Governor Jerry Brown has nominated a U.S. Department of Justice official for a spot on the California Supreme Court.
On Monday, Brown nominated Leondra R. Kruger, a Yale Law School graduate, to fill a vacancy created by the retirement of Associate Justice Joyce L. Kennard, who left the court in April. If confirmed by the Commission on Judicial Appointments, Kruger would be Brown’s third appointee to the state’s highest court in as many years.
“Leondra Kruger is a distinguished lawyer and uncommon student of the law,” Brown said in a press release announcing the appointment. “She has won the respect of eminent jurists, scholars and practitioners alike.”
Born and raised in the Los Angeles area, Kruger has spent the past eight years working in various positions at the U.S. Department of Justice. Since 2013, Kruger has served as a Deputy Assistant Attorney General at the department’s Office of Legal Counsel, where she has earned high praise from the federal government’s top lawyer.
“Leondra is an extraordinarily talented attorney who has been a leader within the Justice Department’s Office of Legal Counsel and Office of the Solicitor General,” U.S. Attorney General Eric H. Holder Jr. said in a written statement on Kruger’s nomination. “Her remarkable judgment, tireless work ethic, and dedication to the highest ideals of public service have marked her as one of the foremost leaders of her profession.”
Brown remaking state Supreme Court
When Brown took office for his second stint as governor, all but one of the seven state Supreme Court justices were appointed by Republican governors. With Kruger’s confirmation, Democrats now would hold three seats on the court. One more Brown appointment over the his last term in office would give Democrats a four-member majority.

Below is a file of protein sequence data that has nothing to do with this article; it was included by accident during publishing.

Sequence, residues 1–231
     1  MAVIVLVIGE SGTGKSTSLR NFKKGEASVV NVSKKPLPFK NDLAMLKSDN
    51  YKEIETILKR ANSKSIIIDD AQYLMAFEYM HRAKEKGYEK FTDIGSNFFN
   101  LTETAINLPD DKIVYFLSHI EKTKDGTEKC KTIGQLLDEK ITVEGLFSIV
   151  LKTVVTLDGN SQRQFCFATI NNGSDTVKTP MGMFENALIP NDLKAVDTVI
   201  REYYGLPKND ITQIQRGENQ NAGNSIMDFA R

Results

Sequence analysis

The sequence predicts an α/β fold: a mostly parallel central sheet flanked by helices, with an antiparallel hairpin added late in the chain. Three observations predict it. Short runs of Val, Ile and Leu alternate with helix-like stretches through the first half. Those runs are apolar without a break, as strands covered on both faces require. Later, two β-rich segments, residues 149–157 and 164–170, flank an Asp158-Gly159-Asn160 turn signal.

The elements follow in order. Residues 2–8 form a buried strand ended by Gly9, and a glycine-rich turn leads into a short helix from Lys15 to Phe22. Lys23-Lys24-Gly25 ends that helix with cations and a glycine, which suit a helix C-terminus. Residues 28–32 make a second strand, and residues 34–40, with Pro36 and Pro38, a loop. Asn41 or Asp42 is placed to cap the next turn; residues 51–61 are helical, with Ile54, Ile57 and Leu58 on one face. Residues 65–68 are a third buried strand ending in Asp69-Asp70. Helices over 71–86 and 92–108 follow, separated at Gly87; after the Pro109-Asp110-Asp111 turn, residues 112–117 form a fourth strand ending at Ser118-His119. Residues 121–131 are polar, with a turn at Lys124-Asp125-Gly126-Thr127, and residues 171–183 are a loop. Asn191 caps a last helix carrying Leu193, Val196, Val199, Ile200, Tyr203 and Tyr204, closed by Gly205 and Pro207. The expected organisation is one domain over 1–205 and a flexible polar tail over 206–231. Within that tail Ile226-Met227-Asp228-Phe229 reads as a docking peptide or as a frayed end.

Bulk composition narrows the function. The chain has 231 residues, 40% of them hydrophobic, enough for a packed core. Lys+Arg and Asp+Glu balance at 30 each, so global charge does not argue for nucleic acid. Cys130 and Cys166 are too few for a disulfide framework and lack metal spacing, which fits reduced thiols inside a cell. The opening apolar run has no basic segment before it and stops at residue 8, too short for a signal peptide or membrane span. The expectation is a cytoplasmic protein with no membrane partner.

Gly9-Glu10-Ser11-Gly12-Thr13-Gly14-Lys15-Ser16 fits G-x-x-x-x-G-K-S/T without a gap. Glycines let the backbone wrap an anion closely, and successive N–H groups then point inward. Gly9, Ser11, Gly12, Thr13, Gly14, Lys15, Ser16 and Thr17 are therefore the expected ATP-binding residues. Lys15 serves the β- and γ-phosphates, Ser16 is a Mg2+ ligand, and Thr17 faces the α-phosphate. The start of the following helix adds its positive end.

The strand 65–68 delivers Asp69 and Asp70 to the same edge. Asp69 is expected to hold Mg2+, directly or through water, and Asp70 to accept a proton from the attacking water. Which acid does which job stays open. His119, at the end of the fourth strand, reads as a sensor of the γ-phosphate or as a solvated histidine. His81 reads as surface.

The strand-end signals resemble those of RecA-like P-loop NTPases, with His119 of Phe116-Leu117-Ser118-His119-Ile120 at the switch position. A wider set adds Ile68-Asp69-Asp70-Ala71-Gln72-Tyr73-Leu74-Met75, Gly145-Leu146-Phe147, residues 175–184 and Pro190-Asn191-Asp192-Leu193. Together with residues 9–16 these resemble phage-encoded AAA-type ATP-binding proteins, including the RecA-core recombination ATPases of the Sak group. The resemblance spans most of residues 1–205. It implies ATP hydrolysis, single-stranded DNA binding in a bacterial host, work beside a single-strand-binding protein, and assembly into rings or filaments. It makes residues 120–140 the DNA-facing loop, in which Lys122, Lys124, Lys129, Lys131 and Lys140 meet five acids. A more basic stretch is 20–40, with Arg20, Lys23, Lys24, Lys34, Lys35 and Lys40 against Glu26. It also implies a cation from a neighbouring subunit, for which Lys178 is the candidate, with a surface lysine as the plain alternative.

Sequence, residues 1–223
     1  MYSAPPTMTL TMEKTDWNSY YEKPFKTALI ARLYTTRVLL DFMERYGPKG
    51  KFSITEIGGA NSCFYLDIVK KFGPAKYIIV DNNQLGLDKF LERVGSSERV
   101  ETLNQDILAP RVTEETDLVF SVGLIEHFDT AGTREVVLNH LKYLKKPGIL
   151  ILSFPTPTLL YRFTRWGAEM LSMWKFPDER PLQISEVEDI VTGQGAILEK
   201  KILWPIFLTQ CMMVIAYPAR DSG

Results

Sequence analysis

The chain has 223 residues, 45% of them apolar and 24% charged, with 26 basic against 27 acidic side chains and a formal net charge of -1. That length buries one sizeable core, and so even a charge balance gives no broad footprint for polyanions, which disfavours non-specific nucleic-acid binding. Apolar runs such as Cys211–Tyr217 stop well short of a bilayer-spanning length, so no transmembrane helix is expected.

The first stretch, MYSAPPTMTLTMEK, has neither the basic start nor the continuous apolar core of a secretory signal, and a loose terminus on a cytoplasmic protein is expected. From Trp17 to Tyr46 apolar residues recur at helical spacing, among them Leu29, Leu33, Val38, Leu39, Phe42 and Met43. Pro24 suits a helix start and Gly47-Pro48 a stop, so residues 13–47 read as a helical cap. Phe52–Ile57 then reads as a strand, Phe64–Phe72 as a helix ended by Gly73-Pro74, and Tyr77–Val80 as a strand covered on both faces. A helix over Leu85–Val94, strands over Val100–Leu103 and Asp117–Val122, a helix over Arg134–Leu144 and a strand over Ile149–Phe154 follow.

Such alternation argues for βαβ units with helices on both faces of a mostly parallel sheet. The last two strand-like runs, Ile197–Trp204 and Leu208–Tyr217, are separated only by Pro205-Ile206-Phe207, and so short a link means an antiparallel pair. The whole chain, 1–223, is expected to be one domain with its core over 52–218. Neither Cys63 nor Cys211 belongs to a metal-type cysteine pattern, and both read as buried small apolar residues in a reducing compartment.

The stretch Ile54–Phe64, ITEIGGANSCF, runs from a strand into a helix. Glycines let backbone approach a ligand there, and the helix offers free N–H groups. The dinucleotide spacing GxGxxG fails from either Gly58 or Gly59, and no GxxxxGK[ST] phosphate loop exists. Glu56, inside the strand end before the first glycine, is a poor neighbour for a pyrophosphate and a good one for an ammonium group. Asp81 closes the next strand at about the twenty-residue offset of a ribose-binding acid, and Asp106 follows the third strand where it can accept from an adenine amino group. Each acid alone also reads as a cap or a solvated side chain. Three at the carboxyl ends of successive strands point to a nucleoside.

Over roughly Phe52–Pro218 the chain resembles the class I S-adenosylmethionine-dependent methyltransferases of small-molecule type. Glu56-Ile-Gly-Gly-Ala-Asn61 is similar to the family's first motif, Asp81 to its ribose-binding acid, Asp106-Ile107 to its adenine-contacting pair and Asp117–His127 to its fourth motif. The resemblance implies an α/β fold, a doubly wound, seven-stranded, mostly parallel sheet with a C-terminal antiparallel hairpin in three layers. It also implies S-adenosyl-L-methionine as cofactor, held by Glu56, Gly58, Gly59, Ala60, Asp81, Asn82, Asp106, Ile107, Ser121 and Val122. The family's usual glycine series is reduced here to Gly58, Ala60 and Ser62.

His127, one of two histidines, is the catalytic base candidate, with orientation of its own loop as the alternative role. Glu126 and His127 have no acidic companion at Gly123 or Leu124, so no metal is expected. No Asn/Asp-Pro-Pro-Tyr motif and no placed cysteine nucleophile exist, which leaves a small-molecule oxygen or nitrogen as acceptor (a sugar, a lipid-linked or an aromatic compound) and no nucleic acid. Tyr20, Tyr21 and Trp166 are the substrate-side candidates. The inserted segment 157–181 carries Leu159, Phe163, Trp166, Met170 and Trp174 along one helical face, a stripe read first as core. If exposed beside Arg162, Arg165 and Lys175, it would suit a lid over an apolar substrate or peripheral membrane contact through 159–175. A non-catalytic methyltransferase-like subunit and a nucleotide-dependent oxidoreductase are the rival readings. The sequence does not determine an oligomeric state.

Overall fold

Earlier this year, Brown nominated Mariano-Florentino Cuellar, a 41-year-old Stanford law professor, to fill the vacancy created by Justice Marvin Baxter. In 2011, Brown tapped UC Berkeley law professor Goodwin Liu, who had been denied a seat on the 9th U.S. Circuit Court of Appeals.
If successfully confirmed, Kruger would be Brown’s 10th appointment to the state Supreme Court — more than any other governor in California’s history, according to CalWonk’s Phillip Ung. Kruger would be the only African American currently on the California Supreme Court.
“I am deeply honored by Governor Brown’s nomination,” Kruger said in a press release. “I look forward to returning home to California and, if confirmed, serving the people of California on our state’s highest court.”
Democratic lawmakers were quick to embrace Kruger’s nomination to the position, which pays $225,342 per year.
“This is another outstanding appointment Governor Brown has made to the California Supreme Court,” Assembly Speaker Toni Atkins, D-San Diego, said in a prepared statement. “I look forward to Ms. Kruger’s voice on the court as all three branches of our government work to ensure justice for all Californians.”
Kruger’s conflict with religious groups